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Amended Omnibus Gun Bill One Step Closer To Law

Lawmakers are considering a measure that could implement what are known as "Red Flag" laws.
Paul Boger
KUNR Public Radio
Lawmakers are considering a measure that could implement what are known as "Red Flag" laws.

A bill to tighten portions of Nevada’s gun laws is picking up steam after a month-long delay. 

In a 4-3 split vote, the Senate Judiciary Committee approved an amended version of AB291 nearly a month after lawmakers in the Assembly passed the bill on a party-line vote.

The new version of the bill keeps proposals that would ban bump stocks and lower the legal blood alcohol level to operate a gun to .08. However, the amendment completely removes sections of the original bill that would have given counties the ability to tighten gun laws.

Instead, the measure would now create what are called “red flag” laws, giving families or law enforcement the ability to petition a court to temporarily seize a person’s firearms if they present a danger to themselves or others. The bill would also make it a misdemeanor to negligently leave a gun where a child could potentially get a hold of it.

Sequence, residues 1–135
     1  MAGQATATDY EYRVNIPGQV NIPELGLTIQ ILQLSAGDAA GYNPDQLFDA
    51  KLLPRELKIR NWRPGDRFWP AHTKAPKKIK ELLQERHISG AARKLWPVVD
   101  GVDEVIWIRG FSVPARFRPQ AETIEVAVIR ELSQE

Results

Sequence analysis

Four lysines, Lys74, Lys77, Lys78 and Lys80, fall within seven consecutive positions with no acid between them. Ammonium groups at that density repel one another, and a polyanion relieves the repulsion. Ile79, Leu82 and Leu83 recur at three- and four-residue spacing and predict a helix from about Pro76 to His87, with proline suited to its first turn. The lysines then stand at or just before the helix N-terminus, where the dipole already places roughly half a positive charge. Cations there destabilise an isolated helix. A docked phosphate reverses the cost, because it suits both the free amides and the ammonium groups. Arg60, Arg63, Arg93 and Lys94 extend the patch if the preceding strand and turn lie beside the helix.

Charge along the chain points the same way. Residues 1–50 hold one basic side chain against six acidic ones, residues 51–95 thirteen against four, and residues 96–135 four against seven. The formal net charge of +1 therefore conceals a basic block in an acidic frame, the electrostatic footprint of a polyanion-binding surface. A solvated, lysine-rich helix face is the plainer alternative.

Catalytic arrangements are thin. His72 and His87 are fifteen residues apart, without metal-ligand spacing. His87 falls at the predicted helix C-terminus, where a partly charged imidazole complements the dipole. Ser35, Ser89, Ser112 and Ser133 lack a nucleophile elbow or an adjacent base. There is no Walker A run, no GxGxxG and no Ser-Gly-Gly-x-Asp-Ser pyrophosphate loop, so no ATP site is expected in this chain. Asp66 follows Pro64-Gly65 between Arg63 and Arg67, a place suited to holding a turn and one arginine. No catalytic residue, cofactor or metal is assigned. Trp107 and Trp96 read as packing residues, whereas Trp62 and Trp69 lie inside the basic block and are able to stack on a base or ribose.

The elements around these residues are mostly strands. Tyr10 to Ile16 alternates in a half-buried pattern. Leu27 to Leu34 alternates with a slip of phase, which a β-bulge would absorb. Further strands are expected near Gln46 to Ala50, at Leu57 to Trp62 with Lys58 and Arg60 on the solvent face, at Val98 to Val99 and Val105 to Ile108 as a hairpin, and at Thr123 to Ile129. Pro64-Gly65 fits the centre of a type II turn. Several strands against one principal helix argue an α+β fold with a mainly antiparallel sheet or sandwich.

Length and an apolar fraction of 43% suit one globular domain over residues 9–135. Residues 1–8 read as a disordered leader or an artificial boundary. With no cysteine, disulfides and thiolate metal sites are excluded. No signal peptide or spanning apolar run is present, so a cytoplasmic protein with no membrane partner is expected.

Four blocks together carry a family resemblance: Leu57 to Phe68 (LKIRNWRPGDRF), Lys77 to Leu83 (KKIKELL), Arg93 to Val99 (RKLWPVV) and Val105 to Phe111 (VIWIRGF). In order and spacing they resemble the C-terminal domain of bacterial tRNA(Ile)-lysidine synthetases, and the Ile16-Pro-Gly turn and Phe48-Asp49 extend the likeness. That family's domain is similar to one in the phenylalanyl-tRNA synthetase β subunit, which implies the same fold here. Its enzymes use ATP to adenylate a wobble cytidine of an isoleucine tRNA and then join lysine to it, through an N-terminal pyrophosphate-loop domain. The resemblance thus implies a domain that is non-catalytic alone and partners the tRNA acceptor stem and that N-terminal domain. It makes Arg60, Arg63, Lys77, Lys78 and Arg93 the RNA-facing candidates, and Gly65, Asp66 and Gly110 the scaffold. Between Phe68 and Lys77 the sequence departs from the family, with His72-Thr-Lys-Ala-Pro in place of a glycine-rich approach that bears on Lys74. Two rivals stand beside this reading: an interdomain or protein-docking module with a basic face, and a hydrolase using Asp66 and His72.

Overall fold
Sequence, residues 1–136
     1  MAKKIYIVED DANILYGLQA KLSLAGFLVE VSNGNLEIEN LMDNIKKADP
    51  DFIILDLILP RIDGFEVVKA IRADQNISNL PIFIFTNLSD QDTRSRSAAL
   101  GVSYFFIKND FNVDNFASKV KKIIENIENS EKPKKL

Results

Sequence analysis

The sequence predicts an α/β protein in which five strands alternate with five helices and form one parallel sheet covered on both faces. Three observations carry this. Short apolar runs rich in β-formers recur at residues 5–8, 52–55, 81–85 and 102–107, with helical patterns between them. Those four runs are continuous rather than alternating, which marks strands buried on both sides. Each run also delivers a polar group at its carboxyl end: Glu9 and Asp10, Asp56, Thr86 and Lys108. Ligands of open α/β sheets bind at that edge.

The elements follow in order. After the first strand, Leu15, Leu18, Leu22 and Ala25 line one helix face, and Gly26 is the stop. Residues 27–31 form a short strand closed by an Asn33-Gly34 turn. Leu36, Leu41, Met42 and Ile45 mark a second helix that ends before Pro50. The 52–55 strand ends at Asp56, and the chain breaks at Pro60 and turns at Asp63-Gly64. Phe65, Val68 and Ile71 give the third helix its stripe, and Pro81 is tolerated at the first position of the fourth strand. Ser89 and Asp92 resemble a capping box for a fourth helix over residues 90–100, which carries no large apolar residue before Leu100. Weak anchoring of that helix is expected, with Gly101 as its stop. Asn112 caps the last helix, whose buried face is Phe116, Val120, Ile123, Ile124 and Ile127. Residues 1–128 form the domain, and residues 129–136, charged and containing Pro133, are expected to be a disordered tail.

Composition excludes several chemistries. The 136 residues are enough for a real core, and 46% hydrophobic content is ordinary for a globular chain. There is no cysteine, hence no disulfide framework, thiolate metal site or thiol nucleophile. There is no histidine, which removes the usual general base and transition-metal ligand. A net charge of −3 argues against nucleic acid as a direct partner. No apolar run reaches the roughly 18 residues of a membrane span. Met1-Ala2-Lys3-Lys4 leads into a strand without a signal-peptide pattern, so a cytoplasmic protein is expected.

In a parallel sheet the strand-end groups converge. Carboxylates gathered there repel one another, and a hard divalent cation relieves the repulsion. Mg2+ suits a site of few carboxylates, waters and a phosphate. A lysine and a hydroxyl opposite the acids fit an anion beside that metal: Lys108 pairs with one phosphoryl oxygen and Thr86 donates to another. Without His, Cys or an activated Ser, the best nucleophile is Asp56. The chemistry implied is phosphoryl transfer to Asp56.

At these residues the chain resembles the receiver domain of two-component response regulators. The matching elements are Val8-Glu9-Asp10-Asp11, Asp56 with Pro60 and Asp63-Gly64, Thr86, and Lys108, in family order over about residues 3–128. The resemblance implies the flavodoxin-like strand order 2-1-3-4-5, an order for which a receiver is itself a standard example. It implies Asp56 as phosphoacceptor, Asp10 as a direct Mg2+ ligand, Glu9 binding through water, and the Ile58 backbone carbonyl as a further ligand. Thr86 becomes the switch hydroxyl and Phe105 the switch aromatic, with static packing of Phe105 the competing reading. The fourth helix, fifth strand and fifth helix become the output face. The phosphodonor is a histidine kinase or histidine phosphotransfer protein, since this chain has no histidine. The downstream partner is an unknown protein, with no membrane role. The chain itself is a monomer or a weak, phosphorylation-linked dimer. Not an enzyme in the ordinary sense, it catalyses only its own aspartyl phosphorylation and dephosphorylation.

"I’m here because I believe this policy can save lives," said the bill's sponsor Democratic Assemblywoman Sandra Jauregui of Las Vegas. “This new iteration of my bill will enact policies that create an immediate impact on the public safety in Nevada.”

Yet, gun rights advocates continue to argue that the measure places an undue burden on law-abiding citizens and that the current language of the bill gives law enforcement the ability to take guns at will.

Speaking in opposition to the measure, Dan Reid with the National Rifle Association said the state’s proposed red flag legislation is a slippery slope.

“With these laws, it removes your constitutional rights, not because of a criminal conviction or mental adjudication, but based on third party allegations with evidentiary norms well below what we normally expect when we remove somebody’s constitutional rights,” he said.  

The bill still has a few legislative hurdles, but for now, will head to the full Senate.

Paul Boger is a former reporter at KUNR Public Radio.
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